The world’s largest interchangeable SLR AF lens, in terms of both focal length and maximum aperture. Two large fluorite elements eliminate secondary spectrum, resulting in extremely sharp, high-quality images. With Extender EF 1.4x or 2x. a whopping focal length of 1700mm f/8 or 2400mm f/11 can be obtained respectively.
Ever since I started learning about photography, I have been fascinated with the art of pinhole photography. I always thought that the possibility of creating an image using the tiniest hole is amazing. If you are unfamiliar with pin-hole photography, see my related links section; I have added some links about pinhole photography for your wandering minds.
Despite my fascination, I have never involved myself with pinhole photography. I read about how to make a pinhole camera out of a 35mm film container. Although the process of making the camera is easy, loading and processing the film is extremely cumbersome. In fact, to use it, one frame of film has to be loaded in the dark, exposure has to be calculated, picture has to be exposed by uncovering the pinhole, pinhole has to be covered, and film has to be unloaded in the dark. All that work for a single exposed frame. But that is not the end, because the frame will have to be processed a personal darkroom, since it is extremely hard to find a place to process 35mm films one frame at a time.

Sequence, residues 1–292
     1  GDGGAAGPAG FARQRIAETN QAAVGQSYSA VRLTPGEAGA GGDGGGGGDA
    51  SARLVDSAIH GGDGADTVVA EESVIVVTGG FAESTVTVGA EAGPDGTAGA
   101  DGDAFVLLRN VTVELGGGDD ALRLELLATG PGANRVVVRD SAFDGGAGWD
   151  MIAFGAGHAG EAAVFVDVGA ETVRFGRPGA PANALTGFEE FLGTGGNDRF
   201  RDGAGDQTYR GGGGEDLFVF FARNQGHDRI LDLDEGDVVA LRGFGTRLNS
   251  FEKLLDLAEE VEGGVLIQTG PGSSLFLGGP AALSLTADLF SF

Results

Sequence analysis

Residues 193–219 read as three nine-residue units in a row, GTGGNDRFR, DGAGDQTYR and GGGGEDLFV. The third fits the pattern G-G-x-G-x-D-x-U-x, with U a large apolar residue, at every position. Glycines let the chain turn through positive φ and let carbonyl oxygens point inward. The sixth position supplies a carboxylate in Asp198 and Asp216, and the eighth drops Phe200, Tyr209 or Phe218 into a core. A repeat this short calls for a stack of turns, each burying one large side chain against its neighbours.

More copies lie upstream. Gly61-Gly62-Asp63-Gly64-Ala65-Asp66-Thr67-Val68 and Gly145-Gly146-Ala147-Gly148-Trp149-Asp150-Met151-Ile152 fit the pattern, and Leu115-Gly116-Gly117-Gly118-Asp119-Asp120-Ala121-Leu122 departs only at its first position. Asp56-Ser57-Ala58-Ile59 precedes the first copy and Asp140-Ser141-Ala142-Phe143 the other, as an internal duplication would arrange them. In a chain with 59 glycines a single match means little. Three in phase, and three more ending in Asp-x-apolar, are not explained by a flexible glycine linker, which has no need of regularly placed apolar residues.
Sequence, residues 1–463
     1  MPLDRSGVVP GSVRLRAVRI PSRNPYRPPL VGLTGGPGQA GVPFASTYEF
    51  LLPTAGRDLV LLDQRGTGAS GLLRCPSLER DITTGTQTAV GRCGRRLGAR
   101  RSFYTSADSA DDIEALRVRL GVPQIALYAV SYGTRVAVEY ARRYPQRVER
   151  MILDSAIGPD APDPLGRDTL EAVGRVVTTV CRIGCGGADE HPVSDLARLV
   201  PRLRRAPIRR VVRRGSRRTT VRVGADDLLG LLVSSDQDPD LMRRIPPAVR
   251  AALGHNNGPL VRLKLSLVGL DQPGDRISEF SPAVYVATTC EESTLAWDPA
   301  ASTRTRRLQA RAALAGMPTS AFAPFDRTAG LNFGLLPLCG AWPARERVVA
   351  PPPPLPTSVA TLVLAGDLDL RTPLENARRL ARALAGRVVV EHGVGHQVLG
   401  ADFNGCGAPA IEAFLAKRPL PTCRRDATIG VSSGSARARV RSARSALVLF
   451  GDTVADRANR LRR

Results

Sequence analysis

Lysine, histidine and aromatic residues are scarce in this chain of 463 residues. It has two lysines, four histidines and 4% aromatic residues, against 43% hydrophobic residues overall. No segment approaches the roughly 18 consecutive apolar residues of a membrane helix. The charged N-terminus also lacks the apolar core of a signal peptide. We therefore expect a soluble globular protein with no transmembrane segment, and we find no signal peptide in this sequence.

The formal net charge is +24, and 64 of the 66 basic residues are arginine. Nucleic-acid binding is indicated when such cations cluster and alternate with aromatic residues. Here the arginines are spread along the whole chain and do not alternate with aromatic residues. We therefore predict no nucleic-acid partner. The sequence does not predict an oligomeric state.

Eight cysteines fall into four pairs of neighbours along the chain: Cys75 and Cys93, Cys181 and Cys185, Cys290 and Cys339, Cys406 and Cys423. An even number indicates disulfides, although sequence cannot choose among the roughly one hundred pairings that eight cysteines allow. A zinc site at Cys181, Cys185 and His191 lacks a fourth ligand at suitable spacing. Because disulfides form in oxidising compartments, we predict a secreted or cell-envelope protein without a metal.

I have always thought, “wouldn’t it be nice if I can have a pin-hole camera that has built-in exposure meter, uses 35mm film roll, and comes with auto film winder?” Then I can concentrate on creating pinhole art, instead of concentrating on the processing of creating pinhole art. After a few years (yes I am a tad slow) I thought, “wouldn’t it be nice if I can have a pin-hole lens on my EOS camera that has auto-exposure, uses standard 35mm film, and has automatic film winder.” Wow!
I just picked up the Canon EF 50mm f/1.8 II lens, and so far, I’m quite impressed – much more than I thought I’d be!
Until yesterday, when I purchased the 50mm f/1.8, I had been shooting almost exclusively with the Canon EF 28-135mm f/3.5-5.6 IS USM zoom lens that came with my Canon EOS 30D. I’m still quite fond of the 28-135mm, and for most occasions it’s the perfect walking-around lens (until I can get my hands on one of the L-series zooms). However, everyone I’ve talked to so far in the photography world has highly recommended getting a prime lens, and I wanted to find something inexpensive to tide me over until I could get my hands on the 100mm f/2.8 macro that I’ve heard such wonderful things about.
I’d also heard good things specifically about 50mm lenses (though on my 1.6x crop APS-C sensor, the 50mm is more like an 80mm), and set out to find myself a relatively cheap 50mm as my first prime lens. Of course, I found the 50mm f/1.8 Mark II lens first, because of it’s ridiculously cheap price compared to the rest of the EF/EF-S lineup of lenses, and the reviews said that the optics were surprisingly good for such a cheap lens.